The inventory of ultra-luxury homes – with sale prices of $2 million or more – is growing. The number of luxury homes in the Boulder Valley that cost $1 million or more totals 230, ranging in price from $1.039 million to $16.9 million. Most of those homes are in Boulder, a city known as a great place to live and with price tags that reflect that fact.
About two-thirds of the $1 million-plus homes are in Boulder, said Ken Radtke, a broker with Keller Williams Realty in Boulder. The remaining properties are on the plains and in the foothills.
While inventory overall is down, Radtke said, “I am seeing more people starting to put those high-end houses on the market. They’ve started increasing again.”
While confidence in the economy is a key factor, a more important one is the available of jumbo loans.
“The key factor is the jumbo loans,” Radtke said. “They were nonexistent a year ago. You could not get them. The jumbo loans are back again, and that’s a key factor in this market.”
Colorado Jumbo Mortgage Loans are those that exceed conforming loan limits established by the two government-sponsored enterprises, Fannie Mae and Freddie Mac.
In Colorado, if you require a mortgage loan higher than $417,000 backed by a single-family property, you will generally require a jumbo mortgage. However, if the property is located in certain high-cost areas in Colorado, you will need a jumbo mortgage for a loan amount higher than $729,750 on a single-family property.
Fixed-rate mortgages within conforming loan size limits almost always get a better rate than comparable jumbo fixed-rate mortgages.
In recent months, lenders have relaxed their grip somewhat as the market has rebounded and home prices have soared. More ways to get a mortgage are in the offing, mostly for borrowers with solid incomes and strong track records.
Interest rates are expected to continue increasing, with some analysts saying 30-year fixed-rate mortgages could hit 5 percent in the next 12 months. Despite those increases, mortgage interest rates continue to reside near historic lows.
In the first six months of 2013, 68 luxury homes were sold in Boulder, ranging from $1 million to $3.15 million, according to Bruce Royer, a broker with Re/Max Alliance in Boulder and author of a monthly market update.
During that same period, in Boulder County, 86 luxury homes were sold. In May alone, 24 luxury homes sold in Boulder County at an average sales price of $1,514,920, Royer said.
Although Colorado has seen a recent resurgence in sold luxury properties, there still is no shortage of buying opportunities, Royer said. In fact, it’s a good time to buy now since more sellers are putting their properties on the market and interest rates on jumbo loans are still low.
The Boulder market is mirroring the Denver metro area. Luxury home sales and the median sale price of those homes in metro Denver, which includes Boulder and Broomfield counties, nearly doubled the number of a year ago, according to a new report by Coldwell Banker Residential Brokerage.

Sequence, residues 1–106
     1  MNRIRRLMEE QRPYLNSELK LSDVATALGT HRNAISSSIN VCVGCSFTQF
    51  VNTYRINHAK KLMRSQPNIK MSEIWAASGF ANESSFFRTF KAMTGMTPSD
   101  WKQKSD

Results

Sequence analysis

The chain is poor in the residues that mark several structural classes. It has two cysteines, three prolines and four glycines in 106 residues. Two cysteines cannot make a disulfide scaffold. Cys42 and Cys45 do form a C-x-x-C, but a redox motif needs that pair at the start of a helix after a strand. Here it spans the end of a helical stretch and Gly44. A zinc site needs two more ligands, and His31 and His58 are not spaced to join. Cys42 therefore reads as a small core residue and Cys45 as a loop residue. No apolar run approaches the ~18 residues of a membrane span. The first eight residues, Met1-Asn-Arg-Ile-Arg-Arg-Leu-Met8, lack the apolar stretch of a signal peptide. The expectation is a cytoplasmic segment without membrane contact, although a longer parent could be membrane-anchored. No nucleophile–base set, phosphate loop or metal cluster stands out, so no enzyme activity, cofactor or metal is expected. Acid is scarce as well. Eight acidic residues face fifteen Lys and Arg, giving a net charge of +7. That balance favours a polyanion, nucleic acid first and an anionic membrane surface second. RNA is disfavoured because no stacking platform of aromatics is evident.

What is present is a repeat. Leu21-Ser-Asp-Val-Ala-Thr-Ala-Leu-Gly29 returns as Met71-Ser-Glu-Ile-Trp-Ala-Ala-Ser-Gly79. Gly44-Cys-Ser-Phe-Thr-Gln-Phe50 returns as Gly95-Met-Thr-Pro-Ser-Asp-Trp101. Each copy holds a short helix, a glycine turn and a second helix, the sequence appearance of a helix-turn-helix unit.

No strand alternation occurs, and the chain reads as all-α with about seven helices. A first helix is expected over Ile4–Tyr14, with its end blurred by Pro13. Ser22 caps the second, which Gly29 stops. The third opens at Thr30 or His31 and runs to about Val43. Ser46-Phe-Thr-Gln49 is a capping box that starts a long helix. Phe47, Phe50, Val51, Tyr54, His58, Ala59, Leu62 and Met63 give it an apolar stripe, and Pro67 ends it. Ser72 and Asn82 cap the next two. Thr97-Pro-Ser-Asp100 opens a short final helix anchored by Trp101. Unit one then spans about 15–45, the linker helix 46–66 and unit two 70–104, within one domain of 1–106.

The figures are based on Multiple Listing Service data of all homes sold for more than $1 million last month in metro Denver.
A total of 139 luxury homes in the region sold in July, up 90.4 percent from a year ago when 73 high-end properties changed hands. On a monthly basis, sales jumped 24 percent from the 112 transactions in June.
The median sale price of a luxury home was $1.3 million, even with the median price a year ago and off slightly from June’s median price of $1,317,482.
The upper end of the luxury market continued to be extremely strong in July with 22 sales over $2 million, more than double the 10 multi-million dollar sales a year ago and up from 16 the previous month.
Two other key market indicators improved as well, with homes selling faster on average and sellers receiving a higher percentage of their asking price compared to a year ago.
“The luxury market in the Denver metro area continued to roll in July with no real signs of slowing,´ said Chris Mygatt, president of Coldwell Banker Residential Brokerage. “Often, July can be a little slower period with summer vacations and other activities, but we just didn’t see that this year. Buyer demand remains extremely strong, and although inventory has gradually increased, there’s been no problem snapping up the additional listings.”
While low inventory continues to be a defining factor, it is less so in the luxury market. Despite tight inventory, every community in the Boulder area experienced increases in average and median home prices. The high-end market is showing signs of increased strength and stability.
Miles Kunkel, a broker with Re/Max of Boulder who specializes in high-end homes in Boulder, said average sales prices in the luxury market “have gone up considerably” in the second quarter of the year. In addition, the average days on the market for those properties has dropped to 51.
Boulder neighborhoods with the strongest sales include Newlands and the Chautauqua area. Mapleton Hill is starting to take off as well, he said.
New home construction has become a greater part of the economic landscape, with starter homes flourishing across the Front Range and some custom homes beginning construction in subdivisions that were stagnant for the past few years.
Kunkel pointed out that a rare infill development of high-end homes will be under construction in the city of Boulder. A 23-home development is planned at the former home of the Boulder Junior Academy at the foot of Mount Sanitas. Moonbeam Boulder LLC, a Boulder-based company, is planning the development of single-family detached homes for the 5.84 acre parcel at 2641 Fourth St. The development, named The Trailhead, is in the area where the historic Mapleton and Newlands neighborhoods meet the open space around Boulder’s borders. The Mount Sanitas trailhead is on the property.